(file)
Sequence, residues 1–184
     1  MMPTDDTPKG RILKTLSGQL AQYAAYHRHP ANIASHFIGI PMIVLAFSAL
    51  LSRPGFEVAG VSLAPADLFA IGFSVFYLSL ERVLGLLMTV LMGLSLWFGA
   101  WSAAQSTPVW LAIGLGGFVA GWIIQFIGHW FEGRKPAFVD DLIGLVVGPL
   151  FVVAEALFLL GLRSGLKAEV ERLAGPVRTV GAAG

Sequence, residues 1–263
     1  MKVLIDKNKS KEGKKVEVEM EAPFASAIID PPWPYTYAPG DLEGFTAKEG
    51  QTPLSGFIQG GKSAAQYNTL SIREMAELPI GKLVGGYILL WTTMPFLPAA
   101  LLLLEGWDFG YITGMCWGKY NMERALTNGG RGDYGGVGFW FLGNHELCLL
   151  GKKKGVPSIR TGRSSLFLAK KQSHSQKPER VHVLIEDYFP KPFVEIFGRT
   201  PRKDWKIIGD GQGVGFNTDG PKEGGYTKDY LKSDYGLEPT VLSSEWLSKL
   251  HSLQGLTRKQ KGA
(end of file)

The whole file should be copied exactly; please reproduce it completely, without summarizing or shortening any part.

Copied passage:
Sequence, residues 1–184
     1  MMPTDDTPKG RILKTLSGQL AQYAAYHRHP ANIASHFIGI PMIVLAFSAL
    51  LSRPGFEVAG VSLAPADLFA IGFSVFYLSL ERVLGLLMTV LMGLSLWFGA
   101  WSAAQSTPVW LAIGLGGFVA GWIIQFIGHW FEGRKPAFVD DLIGLVVGPL
   151  FVVAEALFLL GLRSGLKAEV ERLAGPVRTV GAAG

Sequence, residues 1–263
     1  MKVLIDKNKS KEGKKVEVEM EAPFASAIID PPWPYTYAPG DLEGFTAKEG
    51  QTPLSGFIQG GKSAAQYNTL SIREMAELPI GKLVGGYILL WTTMPFLPAA
   101  LLLLEGWDFG YITGMCWGKY NMERALTNGG RGDYGGVGFW FLGNHELCLL
   151  GKKKGVPSIR TGRSSLFLAK KQSHSQKPER VHVLIEDYFP KPFVEIFGRT
   201  PRKDWKIIGD GQGVGFNTDG PKEGGYTKDY LKSDYGLEPT VLSSEWLSKL
   251  HSLQGLTRKQ KGA